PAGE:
Karen: The Super-Skrull utilizes a space-time warp to enter the fifth quadrant (uh, wait a second -doesn't quadrant imply four?) of the Andromeda Galaxy, home to the Skrulls. He's hoping that bringing Marvel and the two mutants to his emperor will end his exile. However, as he approaches the capital city of his homeworld, he is fired upon. It seems that the Emperor does not trust the Super-Skrull. The battle rages until the Emperor imprisons the Super-Skrull in a force sphere, where the smoke from his own flames knock him out. Anelle, the Emperor's daughter, is a peaceful girl who is most un-skrull like. She pleads for mercy for the three captives, which just infuriates her father even more.
Doug: If you are in the fifth quadrant, then you really are big and bad... I loved the scene where the Super-Skrull takes it to the common Skrull soldiers. I just think the Super-Skrull provides some cool visuals. I, too, was a bit surprised when revisiting this story that Anelle was not drawn like Lyja the Skrull -- she was the one who was impersonating Alicia when Johnny Storm married her in Fantastic Four #300 (of course, we didn't know it at the time!). This was a typical father/daughter conflict, as we've seen in numerous films, etc.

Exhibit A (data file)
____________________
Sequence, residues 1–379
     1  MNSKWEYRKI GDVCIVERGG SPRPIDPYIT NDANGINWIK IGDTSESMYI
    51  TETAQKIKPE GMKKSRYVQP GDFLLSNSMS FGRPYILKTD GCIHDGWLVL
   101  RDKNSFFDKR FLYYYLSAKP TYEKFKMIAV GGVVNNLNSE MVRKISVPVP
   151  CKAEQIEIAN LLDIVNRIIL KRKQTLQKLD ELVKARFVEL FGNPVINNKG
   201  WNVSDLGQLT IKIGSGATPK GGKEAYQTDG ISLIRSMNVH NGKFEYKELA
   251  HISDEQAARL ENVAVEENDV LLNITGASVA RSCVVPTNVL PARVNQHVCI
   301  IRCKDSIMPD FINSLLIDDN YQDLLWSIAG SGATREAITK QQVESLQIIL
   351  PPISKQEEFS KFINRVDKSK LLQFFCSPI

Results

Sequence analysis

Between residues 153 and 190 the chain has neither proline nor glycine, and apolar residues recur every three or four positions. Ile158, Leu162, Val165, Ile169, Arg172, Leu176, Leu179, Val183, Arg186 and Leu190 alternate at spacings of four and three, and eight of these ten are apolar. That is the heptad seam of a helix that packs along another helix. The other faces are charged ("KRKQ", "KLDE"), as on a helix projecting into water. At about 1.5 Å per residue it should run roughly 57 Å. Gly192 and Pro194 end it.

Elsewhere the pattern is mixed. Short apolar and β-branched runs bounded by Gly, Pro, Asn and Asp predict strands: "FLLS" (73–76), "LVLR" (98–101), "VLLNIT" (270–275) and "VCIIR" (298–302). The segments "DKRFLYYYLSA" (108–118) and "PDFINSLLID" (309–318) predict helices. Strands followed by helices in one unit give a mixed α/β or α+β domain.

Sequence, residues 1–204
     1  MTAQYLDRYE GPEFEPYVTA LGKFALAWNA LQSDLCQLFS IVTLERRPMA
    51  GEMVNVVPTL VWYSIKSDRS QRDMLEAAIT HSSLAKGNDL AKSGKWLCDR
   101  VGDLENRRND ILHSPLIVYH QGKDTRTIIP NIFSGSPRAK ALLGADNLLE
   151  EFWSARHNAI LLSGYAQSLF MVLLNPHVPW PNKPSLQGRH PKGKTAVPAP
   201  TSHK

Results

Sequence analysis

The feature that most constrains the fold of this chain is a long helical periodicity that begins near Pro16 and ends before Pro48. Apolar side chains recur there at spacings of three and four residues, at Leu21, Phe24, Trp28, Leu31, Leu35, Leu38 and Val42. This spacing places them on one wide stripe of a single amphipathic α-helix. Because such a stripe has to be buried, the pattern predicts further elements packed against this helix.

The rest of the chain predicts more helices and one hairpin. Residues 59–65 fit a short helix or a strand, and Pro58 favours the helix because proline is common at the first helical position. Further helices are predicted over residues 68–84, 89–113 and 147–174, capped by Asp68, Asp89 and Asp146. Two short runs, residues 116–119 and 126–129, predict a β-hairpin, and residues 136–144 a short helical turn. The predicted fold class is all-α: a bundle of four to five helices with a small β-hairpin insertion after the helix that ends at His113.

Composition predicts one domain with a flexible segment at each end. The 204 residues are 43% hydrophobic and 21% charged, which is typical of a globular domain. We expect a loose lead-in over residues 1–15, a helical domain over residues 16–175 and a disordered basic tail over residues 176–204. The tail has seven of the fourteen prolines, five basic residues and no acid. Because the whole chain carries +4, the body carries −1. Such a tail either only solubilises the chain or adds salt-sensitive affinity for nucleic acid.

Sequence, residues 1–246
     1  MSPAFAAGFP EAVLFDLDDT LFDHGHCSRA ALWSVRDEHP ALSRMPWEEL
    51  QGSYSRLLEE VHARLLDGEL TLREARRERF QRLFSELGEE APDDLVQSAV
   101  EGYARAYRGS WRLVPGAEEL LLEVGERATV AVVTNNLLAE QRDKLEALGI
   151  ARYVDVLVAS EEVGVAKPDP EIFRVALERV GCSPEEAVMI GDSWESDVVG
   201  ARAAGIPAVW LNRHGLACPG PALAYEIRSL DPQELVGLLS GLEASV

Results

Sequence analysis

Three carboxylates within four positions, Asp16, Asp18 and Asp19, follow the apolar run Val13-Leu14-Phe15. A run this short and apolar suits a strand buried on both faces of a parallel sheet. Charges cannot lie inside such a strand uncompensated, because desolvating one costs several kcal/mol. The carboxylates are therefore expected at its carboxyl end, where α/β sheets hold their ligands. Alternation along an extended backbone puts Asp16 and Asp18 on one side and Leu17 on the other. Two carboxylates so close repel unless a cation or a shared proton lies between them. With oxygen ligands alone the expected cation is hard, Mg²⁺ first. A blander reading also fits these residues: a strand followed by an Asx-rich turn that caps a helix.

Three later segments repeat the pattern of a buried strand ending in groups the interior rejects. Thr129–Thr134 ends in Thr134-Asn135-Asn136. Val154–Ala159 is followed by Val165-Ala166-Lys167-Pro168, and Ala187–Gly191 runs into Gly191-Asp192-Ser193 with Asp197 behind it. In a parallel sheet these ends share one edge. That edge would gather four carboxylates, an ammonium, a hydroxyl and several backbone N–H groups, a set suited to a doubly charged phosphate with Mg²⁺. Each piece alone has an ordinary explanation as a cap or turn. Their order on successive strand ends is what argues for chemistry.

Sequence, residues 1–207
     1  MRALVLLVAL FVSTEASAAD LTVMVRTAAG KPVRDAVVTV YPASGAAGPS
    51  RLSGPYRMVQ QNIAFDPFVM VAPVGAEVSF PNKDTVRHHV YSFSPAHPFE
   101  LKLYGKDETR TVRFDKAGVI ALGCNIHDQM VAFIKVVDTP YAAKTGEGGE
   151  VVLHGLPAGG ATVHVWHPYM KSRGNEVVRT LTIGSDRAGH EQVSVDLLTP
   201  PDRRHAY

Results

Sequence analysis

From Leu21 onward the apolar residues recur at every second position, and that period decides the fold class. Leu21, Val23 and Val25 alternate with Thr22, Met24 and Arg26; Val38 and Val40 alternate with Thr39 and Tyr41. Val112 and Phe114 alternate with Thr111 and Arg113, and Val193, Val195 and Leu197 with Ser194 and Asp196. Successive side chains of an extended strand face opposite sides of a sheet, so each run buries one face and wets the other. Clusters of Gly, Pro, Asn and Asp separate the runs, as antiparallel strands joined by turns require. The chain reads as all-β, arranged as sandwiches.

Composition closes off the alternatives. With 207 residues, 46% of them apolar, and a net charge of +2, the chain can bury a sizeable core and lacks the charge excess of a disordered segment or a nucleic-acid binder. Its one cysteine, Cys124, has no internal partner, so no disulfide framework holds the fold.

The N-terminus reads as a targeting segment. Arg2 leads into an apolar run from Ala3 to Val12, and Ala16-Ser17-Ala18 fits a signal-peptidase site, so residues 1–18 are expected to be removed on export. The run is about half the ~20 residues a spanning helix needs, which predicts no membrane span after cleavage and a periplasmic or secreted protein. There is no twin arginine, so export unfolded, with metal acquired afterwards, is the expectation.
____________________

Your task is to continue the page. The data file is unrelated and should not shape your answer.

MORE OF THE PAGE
Karen: Yes, Anelle is remarkably human-looking; no craggy chin or giant ears -maybe Big John just couldn't draw an unattractive woman?!
Karen: In order to get Marvel to build the omni-wave device, the Emperor subjects Quicksilver and the Scarlet Witch to a very odd punishment: they are stuck inside another energy sphere alongside a big, nasty monster. Pietro pops around like a pinball, ineffective as usual. Wanda manages to bring down a rock formation on top of the beast and stop it. But it is then that the siblings notice some strange little humanoids that look like they are made out of cotton candy. They seems harmless enough. But when the monster regains consciousness, any contact it makes with the little people causes them to multiply. Soon, Wanda and Pietro are about to be smothered by cotton candy people! Honestly, this was pretty silly. It also reminded me of the classic Star Trek episode, "The Trouble with Tribbles," where Capt. Kirk is nearly buried in the soft, furry, and rapidly multiplying creatures.
Doug: Many have commented in the past that Quicksilver's marriage to Crystal allowed Roy to get rid of two characters that no one knew what to do with. I am really sensing in this arc how useless Pietro is, as compared even to the Flash or Kid Flash. His personality had made him intolerable, and his powers seem more often to delay rather than solve problems. I thought the little fuzzy guys reminded me of "Gremlins"!